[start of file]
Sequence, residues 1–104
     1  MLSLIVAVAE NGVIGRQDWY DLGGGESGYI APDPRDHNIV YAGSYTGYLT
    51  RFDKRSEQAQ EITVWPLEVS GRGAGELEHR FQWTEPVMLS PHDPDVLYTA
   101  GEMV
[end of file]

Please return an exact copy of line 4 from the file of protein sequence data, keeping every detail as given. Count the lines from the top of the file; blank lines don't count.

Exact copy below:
   101  GEMV